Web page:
# Anonymous Functions, Part II: gsubfn

gsubfn's as.function and fn$* notation 3 minute read This is a follow-up to Anonymous Functions, Not Variables. For context, read that first. After my previous post, Brodie Gaslam pointed me in an interesting direction on Twitter: He’s right. Gabor Grothendieck’s gsubfn package is centered around its gsubfn function, an extended version of gsub whose replacement parameter can accept functions, e.g. to do arithmetic with numbers in a string. That anonymous function can be written as a formula, a capability enabled by a as.function.formula function which is also exported. It provides very similar functionality to the lambda function I defined, so the nested map example could be written library(purrr) map(c("a", "b", "c"), gsubfn::as.function.formula(x ~ map_chr(1:3, gsubfn::as.function.formula(y ~ paste0(x, y))))) %>% str() #> List of 3 #>$ : chr [1:3] "a1" "a2" "a3"
#>  $: chr [1:3] "b1" "b2" "b3" #>$ : chr [1:3] "c1" "c2" "c3"

As it appears, it is a method for the S3 generic base::as.function, so when gsubfn is loaded, the syntax can be condensed to

library(gsubfn)

map(c("a", "b", "c"),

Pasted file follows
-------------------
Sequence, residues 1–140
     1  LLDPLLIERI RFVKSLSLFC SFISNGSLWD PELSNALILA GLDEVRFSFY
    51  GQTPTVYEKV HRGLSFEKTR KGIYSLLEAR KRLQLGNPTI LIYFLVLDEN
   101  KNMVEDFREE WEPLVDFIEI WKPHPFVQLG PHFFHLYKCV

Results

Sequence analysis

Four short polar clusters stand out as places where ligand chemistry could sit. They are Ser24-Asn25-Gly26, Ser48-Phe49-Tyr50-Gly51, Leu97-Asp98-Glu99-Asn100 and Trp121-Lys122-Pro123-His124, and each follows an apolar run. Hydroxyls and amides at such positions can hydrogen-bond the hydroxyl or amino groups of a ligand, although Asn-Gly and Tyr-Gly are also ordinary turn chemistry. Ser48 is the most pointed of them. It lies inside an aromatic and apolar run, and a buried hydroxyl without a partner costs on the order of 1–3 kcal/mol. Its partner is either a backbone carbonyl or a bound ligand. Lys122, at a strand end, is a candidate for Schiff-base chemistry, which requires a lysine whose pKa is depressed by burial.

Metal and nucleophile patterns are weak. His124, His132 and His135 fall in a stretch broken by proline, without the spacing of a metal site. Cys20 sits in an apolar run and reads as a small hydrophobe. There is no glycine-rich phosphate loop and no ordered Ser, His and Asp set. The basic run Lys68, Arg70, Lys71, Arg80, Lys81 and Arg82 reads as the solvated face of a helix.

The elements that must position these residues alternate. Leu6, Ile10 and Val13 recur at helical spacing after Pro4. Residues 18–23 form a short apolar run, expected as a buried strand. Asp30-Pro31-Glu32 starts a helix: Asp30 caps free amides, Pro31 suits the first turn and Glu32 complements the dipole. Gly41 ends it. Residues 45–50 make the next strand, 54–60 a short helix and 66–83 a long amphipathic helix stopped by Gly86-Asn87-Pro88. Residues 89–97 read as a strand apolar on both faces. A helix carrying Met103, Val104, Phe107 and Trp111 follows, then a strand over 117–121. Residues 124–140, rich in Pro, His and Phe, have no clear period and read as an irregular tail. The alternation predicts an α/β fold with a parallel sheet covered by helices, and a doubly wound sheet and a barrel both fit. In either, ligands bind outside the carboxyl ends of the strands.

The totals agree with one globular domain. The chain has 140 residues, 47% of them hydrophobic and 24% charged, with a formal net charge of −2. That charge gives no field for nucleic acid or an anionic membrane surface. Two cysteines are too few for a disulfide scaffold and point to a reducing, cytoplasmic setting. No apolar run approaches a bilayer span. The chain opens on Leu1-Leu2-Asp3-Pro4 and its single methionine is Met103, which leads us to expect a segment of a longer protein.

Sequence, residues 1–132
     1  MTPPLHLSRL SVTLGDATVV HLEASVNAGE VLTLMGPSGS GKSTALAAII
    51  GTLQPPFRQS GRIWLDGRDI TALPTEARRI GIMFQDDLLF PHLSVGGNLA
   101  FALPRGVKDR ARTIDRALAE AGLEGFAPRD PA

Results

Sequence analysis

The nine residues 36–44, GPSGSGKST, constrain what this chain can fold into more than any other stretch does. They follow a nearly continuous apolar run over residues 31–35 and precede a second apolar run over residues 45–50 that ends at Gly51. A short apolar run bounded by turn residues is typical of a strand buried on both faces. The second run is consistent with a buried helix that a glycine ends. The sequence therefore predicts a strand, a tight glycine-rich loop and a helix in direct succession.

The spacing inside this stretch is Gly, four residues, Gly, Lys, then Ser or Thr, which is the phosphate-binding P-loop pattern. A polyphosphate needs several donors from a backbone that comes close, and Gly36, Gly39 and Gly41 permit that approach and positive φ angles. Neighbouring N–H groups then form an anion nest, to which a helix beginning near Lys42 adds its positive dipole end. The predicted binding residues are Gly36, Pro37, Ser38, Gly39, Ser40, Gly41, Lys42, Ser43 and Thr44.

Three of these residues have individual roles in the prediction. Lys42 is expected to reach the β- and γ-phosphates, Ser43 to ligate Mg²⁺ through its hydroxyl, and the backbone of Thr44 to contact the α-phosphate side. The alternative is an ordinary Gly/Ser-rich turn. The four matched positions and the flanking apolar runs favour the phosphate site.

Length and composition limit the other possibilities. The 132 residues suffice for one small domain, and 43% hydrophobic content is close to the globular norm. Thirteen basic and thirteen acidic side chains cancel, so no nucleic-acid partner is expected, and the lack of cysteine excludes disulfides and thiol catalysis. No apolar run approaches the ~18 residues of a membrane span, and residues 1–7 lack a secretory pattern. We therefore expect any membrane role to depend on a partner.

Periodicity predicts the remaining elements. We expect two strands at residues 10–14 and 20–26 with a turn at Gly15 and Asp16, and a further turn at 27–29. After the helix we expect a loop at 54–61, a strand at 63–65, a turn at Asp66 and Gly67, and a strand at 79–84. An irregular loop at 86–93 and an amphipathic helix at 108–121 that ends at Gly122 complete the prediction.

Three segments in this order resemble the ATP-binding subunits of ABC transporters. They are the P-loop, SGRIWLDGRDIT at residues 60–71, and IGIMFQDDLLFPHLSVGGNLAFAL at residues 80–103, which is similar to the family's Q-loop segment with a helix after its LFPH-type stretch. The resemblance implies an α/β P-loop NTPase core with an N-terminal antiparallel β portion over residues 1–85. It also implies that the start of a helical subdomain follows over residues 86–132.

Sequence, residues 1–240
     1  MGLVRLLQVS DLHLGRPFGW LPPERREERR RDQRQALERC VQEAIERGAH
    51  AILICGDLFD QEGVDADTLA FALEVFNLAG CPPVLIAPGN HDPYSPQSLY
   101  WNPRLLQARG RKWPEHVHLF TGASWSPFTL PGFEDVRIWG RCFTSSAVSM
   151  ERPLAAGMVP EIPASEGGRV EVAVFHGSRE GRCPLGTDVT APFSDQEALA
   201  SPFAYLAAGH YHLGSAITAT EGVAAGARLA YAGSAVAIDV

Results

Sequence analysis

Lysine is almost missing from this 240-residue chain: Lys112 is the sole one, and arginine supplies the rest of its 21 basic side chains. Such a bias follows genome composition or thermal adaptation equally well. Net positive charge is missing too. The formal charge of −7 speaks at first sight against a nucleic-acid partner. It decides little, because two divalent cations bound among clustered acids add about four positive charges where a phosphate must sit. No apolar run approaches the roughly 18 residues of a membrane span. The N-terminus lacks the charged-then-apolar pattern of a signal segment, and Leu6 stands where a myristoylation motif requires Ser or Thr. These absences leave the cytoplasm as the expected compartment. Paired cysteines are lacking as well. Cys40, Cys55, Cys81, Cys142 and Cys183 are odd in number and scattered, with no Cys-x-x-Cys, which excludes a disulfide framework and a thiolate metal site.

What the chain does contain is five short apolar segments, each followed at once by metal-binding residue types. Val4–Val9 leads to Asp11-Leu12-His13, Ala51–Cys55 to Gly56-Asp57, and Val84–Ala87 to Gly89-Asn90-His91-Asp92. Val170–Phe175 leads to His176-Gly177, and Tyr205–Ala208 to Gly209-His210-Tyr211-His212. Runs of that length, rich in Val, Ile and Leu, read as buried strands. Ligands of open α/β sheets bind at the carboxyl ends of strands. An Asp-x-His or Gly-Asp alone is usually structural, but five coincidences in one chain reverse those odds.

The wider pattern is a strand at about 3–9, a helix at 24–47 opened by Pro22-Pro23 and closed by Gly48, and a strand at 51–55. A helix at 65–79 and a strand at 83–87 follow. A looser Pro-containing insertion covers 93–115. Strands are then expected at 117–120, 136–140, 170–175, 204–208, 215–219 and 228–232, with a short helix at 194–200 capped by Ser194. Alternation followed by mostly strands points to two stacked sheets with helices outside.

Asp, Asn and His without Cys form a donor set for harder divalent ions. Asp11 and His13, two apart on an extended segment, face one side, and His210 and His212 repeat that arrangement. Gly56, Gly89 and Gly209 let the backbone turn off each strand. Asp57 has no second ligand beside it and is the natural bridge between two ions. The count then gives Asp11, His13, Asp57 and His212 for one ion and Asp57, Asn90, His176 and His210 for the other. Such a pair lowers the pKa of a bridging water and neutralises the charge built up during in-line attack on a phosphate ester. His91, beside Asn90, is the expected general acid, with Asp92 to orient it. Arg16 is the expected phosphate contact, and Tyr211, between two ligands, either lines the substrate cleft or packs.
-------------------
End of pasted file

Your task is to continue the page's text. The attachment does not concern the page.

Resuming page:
as.function(x ~ map_chr(1:3,
as.function(y ~ paste0(x, y))))) %>%
str()
#> List of 3
#>  $: chr [1:3] "a1" "a2" "a3" #>$ : chr [1:3] "b1" "b2" "b3"
#>  $: chr [1:3] "c1" "c2" "c3" and the generic will dispatch to it when passed a formula. The best part of gsubfn::as.function.formula, though, is the alternative way it can be called. At the end of the previous post, I concluded Ideally, it would be nice to drop the lambda call altogether, but as far as I have been able to find, the only way to do so would be to redefine purrr:::as_mapper.default to call lambda instead of rlang::as_closure when passed a formula with anything on the left-hand side. For now, then, extra keystrokes abide. But gsubfn has found a clever way to minimize keystrokes. It defines an fn object with its own class. That class has a method for $ that is rather different than its usual subsetting duties. Instead, it takes a call with a formula in it, and returns that call with the formula converted to a function by as.function.formula (with some safeguards to ignore actual formulas). So while it looks a little weird, at first, you can write

fn$sapply(1:3, i ~ paste0(letters[i], i)) #> [1] "a1" "b2" "c3" fn$map2_chr(letters[1:3],
1:3,
l + n ~ paste0(l, n))
#> [1] "a1" "b2" "c3"

or for the nested map example,

fn$map(c("a", "b", "c"), x ~ fn$map_chr(1:3,
y ~ paste0(x, y))) %>%
str()
#> List of 3
#>  $: chr [1:3] "a1" "a2" "a3" #>$ : chr [1:3] "b1" "b2" "b3"
#>  \$ : chr [1:3] "c1" "c2" "c3"

effectively modifying functions on the fly to accept full formula lambda notation in a beautiful bit of code.